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B.S. Taqueria's nachos

Time 2 hours
Yields Serves 12 to 16
B.S. Taqueria’s nachos
(Gary Coronado / Los Angeles Times)

Pinto beans

1

Soak the beans in water to cover overnight, then drain and rinse. In a large pot, combine the beans, onion and peppers with enough cold water to cover. Simmer until the beans are tender and soft, careful not to overcook, about 1 hour, adding additional water if needed. Drain and discard the onion and pepper. Cover and refrigerate if not using immediately, then rewarm before serving. This makes about 1½ quarts of beans.

Picadillo

1

Heat a large sauté pan over medium-high heat until hot. Add enough oil to generously coat the bottom. When the oil is hot, add the ground beef. Sear the ground beef, constantly stirring until it is browned on all sides.

2

Reduce the heat slightly and stir in the onion, then the tomatoes and chiles. Add the paprika, onion powder, cayenne pepper and garlic powder, stirring until evenly combined. Simmer until the vegetables are softened and the tomatoes have reduced to sauce. Stir in the lime juice and cilantro and simmer a few minutes longer, until the pan juices have thickened. Stir in the salt and hot sauce to taste. Remove from heat and set aside to cool. Cover and refrigerate if not using immediately, and reheat before serving. This makes about 5 cups picadillo.

Escabeche

1

In a heavy-bottom pot, add enough oil to coat the bottom and heat over medium-high heat until hot. Add the chiles, heating until lightly blistered on all sides, about 2 minutes. Stir in the carrots, sweating until brightly colored, 1 to 2 minutes. Stir in the garlic, cooking until fragrant, about 1 minute. Add the onions, stirring just until softened, 2 to 3 minutes. Add the water, then the vinegar, along with the oregano and bay leaf. Gently simmer until the carrots are tender but not too soft.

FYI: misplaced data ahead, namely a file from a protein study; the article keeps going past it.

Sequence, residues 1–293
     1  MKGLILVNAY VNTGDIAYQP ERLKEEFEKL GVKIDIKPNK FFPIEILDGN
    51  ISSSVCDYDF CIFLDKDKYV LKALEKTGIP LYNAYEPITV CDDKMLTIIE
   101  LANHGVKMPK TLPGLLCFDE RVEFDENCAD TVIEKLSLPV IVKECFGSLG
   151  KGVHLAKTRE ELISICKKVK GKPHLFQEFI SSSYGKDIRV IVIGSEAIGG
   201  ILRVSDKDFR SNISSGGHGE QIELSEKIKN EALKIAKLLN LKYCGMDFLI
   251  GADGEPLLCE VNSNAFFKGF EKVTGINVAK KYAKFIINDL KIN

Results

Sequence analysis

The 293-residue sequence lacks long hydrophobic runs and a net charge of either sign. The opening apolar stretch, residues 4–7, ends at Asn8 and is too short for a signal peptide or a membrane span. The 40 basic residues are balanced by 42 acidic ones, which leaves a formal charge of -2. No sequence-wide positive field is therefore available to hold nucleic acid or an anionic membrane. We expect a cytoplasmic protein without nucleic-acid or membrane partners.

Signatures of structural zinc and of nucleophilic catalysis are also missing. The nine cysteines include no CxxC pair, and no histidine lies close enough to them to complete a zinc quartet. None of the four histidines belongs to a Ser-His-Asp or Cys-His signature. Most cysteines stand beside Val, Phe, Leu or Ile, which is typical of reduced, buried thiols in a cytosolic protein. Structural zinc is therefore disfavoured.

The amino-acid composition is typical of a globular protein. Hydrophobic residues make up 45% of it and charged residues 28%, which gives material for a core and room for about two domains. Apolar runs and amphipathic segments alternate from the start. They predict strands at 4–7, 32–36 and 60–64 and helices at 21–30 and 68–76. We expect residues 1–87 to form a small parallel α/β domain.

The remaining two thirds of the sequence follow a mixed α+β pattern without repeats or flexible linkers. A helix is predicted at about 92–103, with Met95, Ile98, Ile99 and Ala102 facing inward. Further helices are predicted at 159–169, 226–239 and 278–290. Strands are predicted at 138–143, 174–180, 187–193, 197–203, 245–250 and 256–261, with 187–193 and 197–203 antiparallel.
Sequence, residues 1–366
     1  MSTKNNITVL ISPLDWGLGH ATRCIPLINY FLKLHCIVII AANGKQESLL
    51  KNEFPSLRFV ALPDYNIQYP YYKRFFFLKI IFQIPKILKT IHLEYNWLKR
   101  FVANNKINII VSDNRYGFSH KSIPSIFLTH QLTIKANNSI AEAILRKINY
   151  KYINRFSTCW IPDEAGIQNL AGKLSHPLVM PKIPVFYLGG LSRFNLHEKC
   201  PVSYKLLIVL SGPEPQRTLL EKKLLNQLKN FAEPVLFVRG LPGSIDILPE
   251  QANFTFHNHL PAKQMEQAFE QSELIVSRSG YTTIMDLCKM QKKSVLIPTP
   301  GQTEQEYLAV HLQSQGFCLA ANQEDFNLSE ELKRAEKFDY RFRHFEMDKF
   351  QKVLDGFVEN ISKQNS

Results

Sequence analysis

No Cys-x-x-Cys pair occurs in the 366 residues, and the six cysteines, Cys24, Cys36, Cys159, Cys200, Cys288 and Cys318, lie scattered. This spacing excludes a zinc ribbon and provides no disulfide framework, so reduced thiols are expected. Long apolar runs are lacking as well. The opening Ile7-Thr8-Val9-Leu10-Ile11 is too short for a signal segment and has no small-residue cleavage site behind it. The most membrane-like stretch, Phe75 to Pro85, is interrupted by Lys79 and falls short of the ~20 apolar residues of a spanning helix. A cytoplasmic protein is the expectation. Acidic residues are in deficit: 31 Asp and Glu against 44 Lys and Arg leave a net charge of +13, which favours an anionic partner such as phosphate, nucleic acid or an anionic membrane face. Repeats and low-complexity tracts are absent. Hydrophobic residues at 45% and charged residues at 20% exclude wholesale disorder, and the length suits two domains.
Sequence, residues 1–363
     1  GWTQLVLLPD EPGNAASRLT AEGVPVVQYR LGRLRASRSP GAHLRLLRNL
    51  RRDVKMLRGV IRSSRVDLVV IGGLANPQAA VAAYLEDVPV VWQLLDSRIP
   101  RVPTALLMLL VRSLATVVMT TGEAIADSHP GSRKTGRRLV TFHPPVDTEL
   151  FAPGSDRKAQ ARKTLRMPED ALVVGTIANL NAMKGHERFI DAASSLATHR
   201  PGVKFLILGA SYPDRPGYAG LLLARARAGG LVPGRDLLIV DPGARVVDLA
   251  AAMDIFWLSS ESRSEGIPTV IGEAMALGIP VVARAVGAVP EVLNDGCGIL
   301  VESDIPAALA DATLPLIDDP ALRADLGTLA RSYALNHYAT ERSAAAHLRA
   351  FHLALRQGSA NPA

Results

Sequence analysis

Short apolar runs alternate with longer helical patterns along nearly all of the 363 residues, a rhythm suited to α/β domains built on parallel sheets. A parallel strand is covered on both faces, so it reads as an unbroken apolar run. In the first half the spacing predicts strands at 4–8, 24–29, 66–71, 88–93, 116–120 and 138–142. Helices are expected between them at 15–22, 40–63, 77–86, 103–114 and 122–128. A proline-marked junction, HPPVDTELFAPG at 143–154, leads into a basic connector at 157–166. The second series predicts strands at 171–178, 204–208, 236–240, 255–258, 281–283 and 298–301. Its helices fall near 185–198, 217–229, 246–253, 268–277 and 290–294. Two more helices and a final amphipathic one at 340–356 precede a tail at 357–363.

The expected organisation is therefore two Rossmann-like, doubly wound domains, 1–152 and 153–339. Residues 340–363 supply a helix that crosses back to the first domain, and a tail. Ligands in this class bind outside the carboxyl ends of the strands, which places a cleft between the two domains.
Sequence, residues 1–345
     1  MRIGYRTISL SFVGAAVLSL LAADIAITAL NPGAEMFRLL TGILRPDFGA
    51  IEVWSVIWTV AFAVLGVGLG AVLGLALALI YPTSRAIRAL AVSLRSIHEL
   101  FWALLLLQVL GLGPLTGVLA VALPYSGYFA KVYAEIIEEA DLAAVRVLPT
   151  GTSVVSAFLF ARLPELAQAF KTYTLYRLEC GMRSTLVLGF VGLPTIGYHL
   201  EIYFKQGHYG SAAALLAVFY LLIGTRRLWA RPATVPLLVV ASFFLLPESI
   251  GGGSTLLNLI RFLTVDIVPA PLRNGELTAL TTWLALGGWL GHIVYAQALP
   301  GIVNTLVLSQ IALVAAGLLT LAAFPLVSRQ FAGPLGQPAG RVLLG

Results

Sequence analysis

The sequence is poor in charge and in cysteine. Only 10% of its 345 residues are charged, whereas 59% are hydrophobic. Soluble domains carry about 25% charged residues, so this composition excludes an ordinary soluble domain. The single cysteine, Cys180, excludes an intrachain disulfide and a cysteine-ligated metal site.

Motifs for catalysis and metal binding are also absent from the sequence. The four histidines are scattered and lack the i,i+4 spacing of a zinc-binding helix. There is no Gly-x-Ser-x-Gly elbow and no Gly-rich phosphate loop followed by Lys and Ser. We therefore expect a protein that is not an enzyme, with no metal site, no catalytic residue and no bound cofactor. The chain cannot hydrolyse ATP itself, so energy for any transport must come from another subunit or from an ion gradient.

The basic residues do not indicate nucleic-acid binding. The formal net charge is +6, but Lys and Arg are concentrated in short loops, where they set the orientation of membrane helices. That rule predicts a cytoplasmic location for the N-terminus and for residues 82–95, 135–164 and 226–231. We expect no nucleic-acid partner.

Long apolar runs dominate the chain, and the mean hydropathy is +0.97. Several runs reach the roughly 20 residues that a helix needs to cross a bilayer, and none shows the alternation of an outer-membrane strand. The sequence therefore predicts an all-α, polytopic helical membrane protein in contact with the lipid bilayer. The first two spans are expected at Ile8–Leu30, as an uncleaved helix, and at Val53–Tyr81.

2

Strain the liquid and cool the vegetables, then cover and refrigerate until needed. This makes a scant quart escabeche. Finely chop the escabeche before adding to the nachos.

Cheese sauce

1

In a heavy pot, melt the butter over medium heat. Stir in the chiles and onion and cook until soft and translucent, 5 to 7 minutes. Stir in the rice flour and continue to cook, frequently stirring, for 10 minutes to cook out the raw flour taste. Slowly whisk in the milk to avoid lumps, and gently simmer the sauce until it thickens, 10 to 12 minutes. Add the cheeses, stirring until they melt.

2

Using an immersion blender, or in a stand blender, purée the sauce. Strain, discarding any bits of vegetable. Season with salt to taste. This makes a scant 1 ½ quarts cheese sauce. Cover and refrigerate if not using immediately. Rewarm before serving.

Street salsa

1

In a large bowl, toss the tomatillos, onion slices, garlic cloves and chiles with enough oil to lightly coat.

2

Heat a griddle over medium-high heat until hot. Add the vegetables and griddle until charred on all sides. Remove from heat and place in a deep container or non-reactive pot.

3

To the container, add the avocado pulp, lime juice, water and cilantro. Blend the ingredients using an immersion blender, or in batches using a tabletop blender. Taste and adjust the flavorings and seasonings if desired. This makes a scant 2 quarts salsa. Cover and refrigerate until ready to use.

Pico de gallo

1

In a nonreactive bowl, toss together the tomatoes, onion, chiles, cilantro, lime juice and a scant teaspoon salt, or to taste.

Nachos

1

On a large platter, assemble the nachos, alternating the chips with dollops or spoonfuls of each of the toppings, and layering to make a nice mound. Garnish with cilantro before serving.

Adapted from a recipe from B.S. Taqueria in Los Angeles.

Amy Scattergood is a staff writer for the Food section of the Los Angeles Times.
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